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Am J Psychiatry. 2017 Jul 1;174(7):640-648. doi: 10.1176/appi.ajp.2017.16010034. Epub 2017 Mar 31.

A 5-Year Observational Study of Patients With Treatment-Resistant Depression Treated With Vagus Nerve Stimulation or Treatment as Usual: Comparison of Response, Remission, and Suicidality.

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From the Sheppard Pratt Health System, Baltimore; Cyberonics, Inc., Houston; the Department of Psychiatry, Washington University in St. Louis; the Psychiatric Neuroscience Program, Massachusetts General Hospital, Boston; Psychiatric Behavior Solutions, Salt Lake City; the Department of Psychiatry, State University of New York Upstate Medical University, Syracuse; and the Department of Psychiatry, Rush University Medical Center, Chicago.

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The Treatment-Resistant Depression Registry investigated whether adjunctive vagus nerve stimulation (VNS) with treatment as usual in depression has superior long-term outcomes compared with treatment as usual only.


This 5-year, prospective, open-label, nonrandomized, observational registry study was conducted at 61 U.S. sites and included 795 patients who were experiencing a major depressive episode (unipolar or bipolar depression) of at least 2 years' duration or had three or more depressive episodes (including the current episode), and who had failed four or more depression treatments (including ECT). Patients with a history of psychosis or rapid-cycling bipolar disorder were excluded. The primary efficacy measure was response rate, defined as a decrease of ≥50% in baseline Montgomery-Åsberg Depression Rating Scale (MADRS) score at any postbaseline visit during the 5-year study. Secondary efficacy measures included remission.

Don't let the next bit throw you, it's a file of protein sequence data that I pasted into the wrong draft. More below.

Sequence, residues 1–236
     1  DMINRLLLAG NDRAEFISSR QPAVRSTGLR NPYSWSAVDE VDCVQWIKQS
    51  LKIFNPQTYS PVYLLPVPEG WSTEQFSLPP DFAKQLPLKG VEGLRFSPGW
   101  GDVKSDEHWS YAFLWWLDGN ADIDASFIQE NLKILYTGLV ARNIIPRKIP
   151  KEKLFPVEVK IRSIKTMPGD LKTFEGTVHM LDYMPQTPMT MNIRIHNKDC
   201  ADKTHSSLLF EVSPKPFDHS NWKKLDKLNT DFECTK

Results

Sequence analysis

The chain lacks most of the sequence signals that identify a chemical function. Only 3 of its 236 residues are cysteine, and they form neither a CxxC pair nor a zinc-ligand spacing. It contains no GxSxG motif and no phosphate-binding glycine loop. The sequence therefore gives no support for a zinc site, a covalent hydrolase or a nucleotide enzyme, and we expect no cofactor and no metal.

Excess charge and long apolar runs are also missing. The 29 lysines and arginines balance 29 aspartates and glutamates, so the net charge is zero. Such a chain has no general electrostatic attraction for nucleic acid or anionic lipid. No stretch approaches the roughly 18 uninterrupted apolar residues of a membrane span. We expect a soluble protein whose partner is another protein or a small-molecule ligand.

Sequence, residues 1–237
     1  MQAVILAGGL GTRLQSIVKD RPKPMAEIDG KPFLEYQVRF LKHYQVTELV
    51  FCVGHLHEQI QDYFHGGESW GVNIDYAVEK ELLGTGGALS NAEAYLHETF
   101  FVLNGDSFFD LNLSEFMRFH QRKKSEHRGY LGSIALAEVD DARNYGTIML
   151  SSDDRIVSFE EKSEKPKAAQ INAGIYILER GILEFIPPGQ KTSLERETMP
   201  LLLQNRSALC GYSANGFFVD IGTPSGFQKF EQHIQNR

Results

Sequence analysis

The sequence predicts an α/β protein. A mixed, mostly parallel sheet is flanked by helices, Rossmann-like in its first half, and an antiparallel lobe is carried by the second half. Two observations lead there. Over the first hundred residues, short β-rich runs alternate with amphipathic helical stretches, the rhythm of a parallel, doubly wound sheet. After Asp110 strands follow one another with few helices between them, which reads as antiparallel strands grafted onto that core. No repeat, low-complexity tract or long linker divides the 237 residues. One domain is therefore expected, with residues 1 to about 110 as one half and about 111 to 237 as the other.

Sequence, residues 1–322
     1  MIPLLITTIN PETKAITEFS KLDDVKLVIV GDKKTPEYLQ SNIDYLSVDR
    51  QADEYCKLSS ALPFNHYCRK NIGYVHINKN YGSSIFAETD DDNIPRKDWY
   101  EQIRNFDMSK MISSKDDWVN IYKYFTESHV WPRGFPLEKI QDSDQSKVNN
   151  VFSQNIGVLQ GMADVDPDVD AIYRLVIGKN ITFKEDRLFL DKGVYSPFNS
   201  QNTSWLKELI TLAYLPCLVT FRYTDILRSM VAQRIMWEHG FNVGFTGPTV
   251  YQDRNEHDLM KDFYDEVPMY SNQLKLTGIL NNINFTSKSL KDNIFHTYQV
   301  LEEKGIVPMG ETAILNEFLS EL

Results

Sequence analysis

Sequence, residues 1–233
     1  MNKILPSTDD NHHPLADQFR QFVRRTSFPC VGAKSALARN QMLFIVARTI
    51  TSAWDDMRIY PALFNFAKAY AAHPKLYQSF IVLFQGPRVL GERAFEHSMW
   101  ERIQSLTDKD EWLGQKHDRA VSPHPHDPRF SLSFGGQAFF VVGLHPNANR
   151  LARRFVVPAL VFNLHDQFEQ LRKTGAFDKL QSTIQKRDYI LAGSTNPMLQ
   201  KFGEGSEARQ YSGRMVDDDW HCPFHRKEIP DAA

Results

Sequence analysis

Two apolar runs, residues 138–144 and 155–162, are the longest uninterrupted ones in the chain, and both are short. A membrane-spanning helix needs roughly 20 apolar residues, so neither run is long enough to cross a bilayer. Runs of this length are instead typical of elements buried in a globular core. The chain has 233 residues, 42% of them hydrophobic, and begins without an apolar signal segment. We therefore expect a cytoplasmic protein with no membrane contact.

Patients had chronic moderate to severe depression at baseline (the mean MADRS score was 29.3 [SD=6.9] for the treatment-as-usual group and 33.1 [SD=7.0] for the adjunctive VNS group). The registry results indicate that the adjunctive VNS group had better clinical outcomes than the treatment-as-usual group, including a significantly higher 5-year cumulative response rate (67.6% compared with 40.9%) and a significantly higher remission rate (cumulative first-time remitters, 43.3% compared with 25.7%). A subanalysis demonstrated that among patients with a history of response to ECT, those in the adjunctive VNS group had a significantly higher 5-year cumulative response rate than those in the treatment-as-usual group (71.3% compared with 56.9%). A similar significant response differential was observed among ECT nonresponders (59.6% compared with 34.1%).


This registry represents the longest and largest naturalistic study of efficacy outcomes in treatment-resistant depression, and it provides additional evidence that adjunctive VNS has enhanced antidepressant effects compared with treatment as usual in this severely ill patient population.



Mortality; Remission; Response; Suicidality; Treatment-Resistant Depression; Vagus Nerve Stimulation

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